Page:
Flyin’ Tiger, Multiple International Record-Holder, For Sale
“You are Cleared to 50,000 Feet.”
“It’s not every General Aviation pilot gets to hear that,” said Bruce Bohannon, as he recounted his last absolute propeller-driven altitude attempt. “Hearing ATC say that made the whole effort worth it.”
Bohannon, in his Flyin’ Tiger (also called the Exxon Flyin’ Tiger, depending on sponsorship), set 30 world records for time-to-climb and altitude. He and the ’Tiger still hold them all – the only machine to have ever broken any of those 30 records is… the Flyin’ Tiger, with Bohannon aboard.
The only time-to-climb record he doesn’t hold is the lowest, from brake release to 3000 meters, held by the 6-time Unlimited-class Reno champion Rare Bear, “and that airplane has more horsepower than mine has rivets,” Bohannon notes.
The result of Bohannon’s vision and work, a design that originated with Dick Van Grunsven (though Van takes no credit for the Flyin’ Tiger’s results, explaining that the original design and the final product are truly two different things!), and untold hours of work by crew chief and master fabricator Gary Hunter, engine man Phil Haponic (then of Mattituck), and turbo guru Ralph Benway, the Flyin’ Tiger blasted holes in the sky that no other airplane has equaled.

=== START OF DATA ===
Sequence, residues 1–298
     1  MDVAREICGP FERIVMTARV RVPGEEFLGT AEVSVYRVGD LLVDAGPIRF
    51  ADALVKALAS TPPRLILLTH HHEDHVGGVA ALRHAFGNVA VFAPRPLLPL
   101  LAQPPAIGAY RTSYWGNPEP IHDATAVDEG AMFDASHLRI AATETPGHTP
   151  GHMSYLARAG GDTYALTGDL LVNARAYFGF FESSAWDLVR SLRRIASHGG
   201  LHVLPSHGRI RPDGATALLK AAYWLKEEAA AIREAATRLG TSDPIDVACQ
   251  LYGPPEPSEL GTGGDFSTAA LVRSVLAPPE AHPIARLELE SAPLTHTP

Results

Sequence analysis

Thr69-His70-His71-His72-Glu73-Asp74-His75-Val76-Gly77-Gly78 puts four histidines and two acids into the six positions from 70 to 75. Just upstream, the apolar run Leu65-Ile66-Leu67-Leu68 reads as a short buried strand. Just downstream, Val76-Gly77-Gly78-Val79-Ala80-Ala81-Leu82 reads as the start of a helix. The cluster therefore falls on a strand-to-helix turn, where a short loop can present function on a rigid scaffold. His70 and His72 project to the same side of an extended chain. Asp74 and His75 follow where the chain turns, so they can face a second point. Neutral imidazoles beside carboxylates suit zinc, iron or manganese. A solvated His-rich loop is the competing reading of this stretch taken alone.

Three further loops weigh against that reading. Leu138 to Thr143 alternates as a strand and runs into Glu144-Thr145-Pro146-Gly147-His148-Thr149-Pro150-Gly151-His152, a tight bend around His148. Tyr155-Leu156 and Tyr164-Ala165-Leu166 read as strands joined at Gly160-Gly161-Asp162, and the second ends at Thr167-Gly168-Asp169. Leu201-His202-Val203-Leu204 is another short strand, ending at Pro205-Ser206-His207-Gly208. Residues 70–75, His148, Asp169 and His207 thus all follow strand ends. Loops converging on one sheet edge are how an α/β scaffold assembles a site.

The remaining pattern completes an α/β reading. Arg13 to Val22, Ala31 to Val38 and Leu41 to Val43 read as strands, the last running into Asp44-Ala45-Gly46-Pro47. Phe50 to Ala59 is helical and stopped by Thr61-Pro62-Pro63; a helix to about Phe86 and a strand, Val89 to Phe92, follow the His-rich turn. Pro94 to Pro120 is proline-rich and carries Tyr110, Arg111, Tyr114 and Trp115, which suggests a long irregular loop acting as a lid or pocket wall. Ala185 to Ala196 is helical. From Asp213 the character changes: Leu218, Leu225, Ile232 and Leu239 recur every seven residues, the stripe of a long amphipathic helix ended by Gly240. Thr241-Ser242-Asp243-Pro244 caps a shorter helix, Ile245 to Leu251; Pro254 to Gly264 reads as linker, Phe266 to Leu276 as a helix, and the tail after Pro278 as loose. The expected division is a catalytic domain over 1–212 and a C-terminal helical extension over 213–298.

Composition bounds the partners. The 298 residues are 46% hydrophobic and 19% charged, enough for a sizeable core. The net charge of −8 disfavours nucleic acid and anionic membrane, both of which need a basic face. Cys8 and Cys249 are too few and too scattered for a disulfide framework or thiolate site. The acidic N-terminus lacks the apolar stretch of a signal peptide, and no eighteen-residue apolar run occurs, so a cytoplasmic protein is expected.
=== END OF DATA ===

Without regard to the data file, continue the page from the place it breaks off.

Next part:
Among the records held are all but one of the time-to-climb, unlimited piston altitude records (unlimited displacement, induction, engine size, number of engines…), as well as unlimited piston-power altitude records – in excess of FL410. Way in excess: Bohannon flew officially to 47,067 feet, and 47,530 unofficially. (The altitude was verified, but not high enough to break his old record by a sufficient amount to go into the official record books.)
With these accomplishments, Bohannon was the only man ever to win two Blériot Prizes in consecutive years; and the next year, he became the only one to ever have won three – all in the Flyin’ Tiger.
The Flyin’ Tiger is for sale. It’s in Texas, ready to fly. More fun, more history, and more officially-sanctioned performance records than any aircraft that’s ever been available to the public. For about the price of a new complex piston single or basic twin.
Bohannon says, “I’d like it to go to someone who appreciates what the Flyin’ Tiger is and what it’s done; someone who wants to experience this historic (and really high-performance) machine, and then donate it to a worthy museum.”
Of course, there is a lot of knowledge and development that goes with this machine. It’s knowledge that took the best in the business many years to gain. It all goes to the new owner in beautiful original condition, and without the pain.
Qualified parties should contact Bruce Bohannon: email@example.com
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